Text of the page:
Part 1 – Global Risks 2015:
Technological Risks: Back to the Future
The risk of large-scale cyber attacks continues to be considered above average on both dimensions of impact and likelihood (see Figures 1 and 1.6) This reflects both the growing sophistication of cyber attacks and the rise of hyperconnectivity, with a growing number of physical objects connected to the Internet and more and more sensitive personal data – including about health and finances – being stored by companies in the cloud. In the United States alone, cyber crime already costs an estimated $100 billion each year. 23
While the “Internet of Things” (IoT) will deliver innovations, it will also entail new risks. Analytics on large and disparate data sources can drive breakthrough insights but also raise questions about expectations of privacy and the fair and appropriate use of data about individuals. Security risks are also intensified. There are more devices to secure against hackers, and bigger downsides from failure: hacking the location data on a car is merely an invasion of privacy, whereas hacking the control system of a car would be a threat to life. The current Internet infrastructure was not developed with such security concerns in mind.
The IoT is likely to disrupt business models and ecosystems across a range of industries. While this will deliver innovation, the prospect of many large players across multiple industries being forced to change so radically at the same time raises potential systemic risks such as large-scale disruption in labour markets and volatility in financial markets. A major public security failure could also prevent the IoT from becoming truly widespread.
An important characteristic of global risks, which transpires across the cases included in this report, is their interconnectedness, shown in the Interconnections Map in Figure 2. It is important to stress that risks cannot be seen in isolation. The feedback loops between risks and the fact that they are also driven by underlying trends (Figure 3) raise their complexity and make it more difficult to control individual risks. Over past years, the speed of transmission and the strength of interconnections have increased.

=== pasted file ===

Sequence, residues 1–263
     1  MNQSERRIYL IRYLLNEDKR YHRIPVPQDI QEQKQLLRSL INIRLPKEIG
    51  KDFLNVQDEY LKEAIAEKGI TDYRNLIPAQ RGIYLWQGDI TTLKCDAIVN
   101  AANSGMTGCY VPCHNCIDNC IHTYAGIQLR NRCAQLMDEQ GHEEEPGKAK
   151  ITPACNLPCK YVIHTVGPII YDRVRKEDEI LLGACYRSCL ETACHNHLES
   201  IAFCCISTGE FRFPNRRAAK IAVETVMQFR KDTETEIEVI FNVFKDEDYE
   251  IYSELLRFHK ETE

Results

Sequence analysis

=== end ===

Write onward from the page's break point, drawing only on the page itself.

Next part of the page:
The complexity of addressing risks, their likelihood and their potential consequences raise the question of preparedness, on the global, regional, national and local levels.
Box 1.7: Governing the Internet — the need for mechanisms to maintain a unified and resilient network
The pace of innovation and the highly distributed nature of the Internet require a new approach to global Internet governance and cooperation. As more people rely on the Internet, the question of Internet governance becomes increasingly important. Two kinds of issues exist: technical matters, to make sure all the infrastructure and devices that constitute the Internet can talk to each other; and overarching matters, to address cyber crime, Net neutrality, privacy and freedom of expression.
Responsibility for the technical infrastructure of the Internet is dispersed among several organizations, including the Internet Engineering Task Force (IETF) and the World Wide Web Consortium (W3C), the Regional Internet Registries (RIRs), the root servers’ operators, and the Internet Corporation for Assigned Names and Numbers (ICANN). The solutions they propose – policy models, standards, specifications or best practices – spread through voluntary adoption or ad hoc conventions, regulations, directives, contracts or other agreements.
No such systems exist for developing and implementing solutions to the overarching issues. Consequently, governments are feeling pressure to enact national measures to deal with their citizens’ data and privacy concerns. While laws that force the “localization” of infrastructure may be easier short-term solutions than collaborating to define global mechanisms for addressing the issues, the risk is that “data nationalism” could endanger the network effects that underlie the Internet’s ability to drive innovation and create social and economic value.
To advance the conversation, identify possible solutions and contribute to open, resilient and inclusive Internet governance, the World Economic Forum is embarking on a multiyear strategic initiative to bring together leaders from the public and private sectors with civil society leaders and the technical community to address these issues in an impartial, high-level dialogue. This effort will complement the expert-level discussions taking place at the Internet Governance Forum and various other grassroots and government-led initiatives.
25. Global risks may not be strictly comparable across years, as the names and description of the risks were revised between 2014 and 2015. The risks introduced in 2015 are not displayed in the figures and only the risks for which the name or the description were slightly revised between 2014 and 2015 are presented. Water crises was categorized as an environmental risk in 2014 but as a societal risk in 2015. To ensure legibility, the names of the global risks are abbreviated. Please see Appendix A for the full name and description.